After heart surgery, popular garden expert changed his life with homegrown vegetables, fruit
"Farmer Fred" Hoffman will speak at the Feb. 8 meeting of the Sacramento Rose Society. Courtesy Fred Hoffman
Farmer Fred will present his personal story of heart-healthy gardening and discovery at 7:30 p.m. Thursday, Feb. 8, at the club’s meeting at the Shepard Garden and Arts Center in McKinley Park. The public is welcome. Admission and parking are free.
Farmer Fred knows firsthand how his own heart-healthy garden changed his life. In March 2012, the award-winning radio host was diagnosed with FOUR cholesterol-blocked heart arteries. His doctor also told him he had full-blown Type 2 diabetes. (His A1C was 10.4.)
He underwent quadruple coronary artery bypass graft surgery, then embarked on the long road to healing. That included a makeover of his diet.
Farmer Fred lost more than 60 pounds – and kept the weight off. An avid cyclist, he rides his bike more than 100 miles a week. He no longer needs to take diabetes medication and is active as ever in his garden and the community.
His secret? Growing, and eating, heart-healthy fruits and vegetables, loaded with fiber. That includes artichokes, blueberries, apricots, shell beans and green peas.
Farmer Fred will share how anyone can help their own heart health via fiber-packed fruit and vegetables. Besides his personal health experience, he’s also one of the leading gardening experts in California. A lifetime master gardener, Fred has been certified by the UC Cooperative Extension program for more than 40 years and has logged well over 10,000 hours as a master gardener volunteer.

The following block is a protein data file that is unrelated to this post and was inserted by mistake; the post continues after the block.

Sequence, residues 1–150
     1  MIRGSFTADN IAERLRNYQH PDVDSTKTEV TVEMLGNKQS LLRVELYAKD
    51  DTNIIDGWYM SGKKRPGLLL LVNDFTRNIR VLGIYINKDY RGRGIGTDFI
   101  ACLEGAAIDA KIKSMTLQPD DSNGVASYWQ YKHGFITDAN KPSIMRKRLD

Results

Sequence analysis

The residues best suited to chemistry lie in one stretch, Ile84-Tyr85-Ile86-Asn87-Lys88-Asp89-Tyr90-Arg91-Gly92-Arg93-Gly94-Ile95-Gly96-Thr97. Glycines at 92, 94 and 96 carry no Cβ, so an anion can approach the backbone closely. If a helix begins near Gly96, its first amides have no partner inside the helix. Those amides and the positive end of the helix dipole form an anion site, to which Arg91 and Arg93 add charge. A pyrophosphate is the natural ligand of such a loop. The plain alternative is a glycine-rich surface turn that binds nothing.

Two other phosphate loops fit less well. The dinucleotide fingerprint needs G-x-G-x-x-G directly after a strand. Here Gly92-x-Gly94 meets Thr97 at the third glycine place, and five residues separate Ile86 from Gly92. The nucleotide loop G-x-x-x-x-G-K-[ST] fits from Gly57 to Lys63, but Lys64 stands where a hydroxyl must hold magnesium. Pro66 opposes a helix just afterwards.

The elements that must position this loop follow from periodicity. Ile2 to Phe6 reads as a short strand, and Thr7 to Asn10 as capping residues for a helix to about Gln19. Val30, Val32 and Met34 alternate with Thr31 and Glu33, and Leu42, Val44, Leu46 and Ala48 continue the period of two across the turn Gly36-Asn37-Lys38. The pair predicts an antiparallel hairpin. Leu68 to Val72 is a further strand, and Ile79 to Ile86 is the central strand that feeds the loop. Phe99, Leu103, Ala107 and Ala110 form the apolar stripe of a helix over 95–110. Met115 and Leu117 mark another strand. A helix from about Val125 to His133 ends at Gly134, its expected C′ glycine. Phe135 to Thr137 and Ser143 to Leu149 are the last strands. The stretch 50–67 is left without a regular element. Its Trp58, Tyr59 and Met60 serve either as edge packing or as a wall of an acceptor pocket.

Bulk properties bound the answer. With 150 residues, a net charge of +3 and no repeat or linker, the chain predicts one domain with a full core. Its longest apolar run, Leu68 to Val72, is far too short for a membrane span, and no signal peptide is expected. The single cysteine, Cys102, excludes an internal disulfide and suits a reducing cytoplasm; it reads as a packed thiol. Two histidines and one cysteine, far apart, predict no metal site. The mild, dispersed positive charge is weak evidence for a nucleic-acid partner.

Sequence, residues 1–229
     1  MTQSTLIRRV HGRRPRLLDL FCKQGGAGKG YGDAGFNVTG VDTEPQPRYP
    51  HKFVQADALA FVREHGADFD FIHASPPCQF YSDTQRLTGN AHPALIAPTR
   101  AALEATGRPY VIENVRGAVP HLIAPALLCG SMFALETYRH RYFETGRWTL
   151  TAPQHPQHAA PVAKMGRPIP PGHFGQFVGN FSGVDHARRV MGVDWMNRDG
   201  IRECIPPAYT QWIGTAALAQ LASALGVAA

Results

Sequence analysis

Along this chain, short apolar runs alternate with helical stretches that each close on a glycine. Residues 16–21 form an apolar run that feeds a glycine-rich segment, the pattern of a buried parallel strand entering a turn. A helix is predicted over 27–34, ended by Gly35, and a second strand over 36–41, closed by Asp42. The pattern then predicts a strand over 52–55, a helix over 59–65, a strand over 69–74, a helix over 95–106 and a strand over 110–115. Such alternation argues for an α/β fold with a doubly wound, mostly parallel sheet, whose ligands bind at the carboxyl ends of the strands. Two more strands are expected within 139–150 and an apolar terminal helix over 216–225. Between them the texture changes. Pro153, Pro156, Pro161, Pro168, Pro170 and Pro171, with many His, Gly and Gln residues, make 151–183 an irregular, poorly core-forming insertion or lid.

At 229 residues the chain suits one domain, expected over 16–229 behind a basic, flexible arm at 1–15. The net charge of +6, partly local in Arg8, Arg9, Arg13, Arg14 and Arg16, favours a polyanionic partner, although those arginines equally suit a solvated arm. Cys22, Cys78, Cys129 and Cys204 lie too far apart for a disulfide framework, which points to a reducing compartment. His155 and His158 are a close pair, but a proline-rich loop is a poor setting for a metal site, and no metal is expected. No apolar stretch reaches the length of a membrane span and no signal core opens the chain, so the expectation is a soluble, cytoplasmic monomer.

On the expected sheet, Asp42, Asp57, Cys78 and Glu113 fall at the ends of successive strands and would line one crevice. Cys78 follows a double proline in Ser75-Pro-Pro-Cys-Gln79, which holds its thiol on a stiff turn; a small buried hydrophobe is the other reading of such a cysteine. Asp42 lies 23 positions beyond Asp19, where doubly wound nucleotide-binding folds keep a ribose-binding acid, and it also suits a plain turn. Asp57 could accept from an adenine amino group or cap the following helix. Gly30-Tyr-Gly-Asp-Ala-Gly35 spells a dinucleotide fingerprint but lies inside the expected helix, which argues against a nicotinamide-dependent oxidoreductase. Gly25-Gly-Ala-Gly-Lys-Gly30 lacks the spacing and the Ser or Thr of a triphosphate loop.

Most Sacramentans know Farmer Fred from his four decades as host of his award-winning radio shows, “Get Growing with Farmer Fred,” “The KFBK Garden Show” and “The KSTE Farm Hour.” Now he shares his talents with a national audience online via his podcast, “Garden Basics with Farmer Fred.”
His garden has evolved, too. He and his wife, Jeanne, traded their 10-acre ranchette in Herald for a suburban home and backyard in Folsom. Although his garden’s footprint is much smaller, it’s still packed with the heart-healthy foods that changed his life.
Come hear Farmer Fred and learn how you, too, can make a difference in your own heart health. Shepard Center is located at 3330 McKinley Blvd., Sacramento.
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For week of Feb. 18:
It's wet to start the week. When you do get outside, between or after storms, concentrate on damage control:
* Keep storm drains and gutters clear of debris.
* Clean up tree debris knocked down by wind and rain.
* Where did the water flow in your garden? Make notes where revisions are necessary.
* Are any trees leaning? See disturbances in the ground or lawn around their base? Time to call an arborist before the tree topples.
* Dump excess water out of pots.
* Indoors, start peppers, tomatoes and eggplant from seed.
* Lettuce and other greens also can be started indoors from seed.
* Got bare-root plants? Put their roots in a bucket of water until outdoor soil dries out. Or pot them up in 1- or 5-gallon containers. In April, transplant the plant, rootball and all, into the garden.
* Browse garden websites and catalogs. It’s not too late to order for spring and summer.
* Show your indoor plants some love. Dust leaves and mist to refresh.
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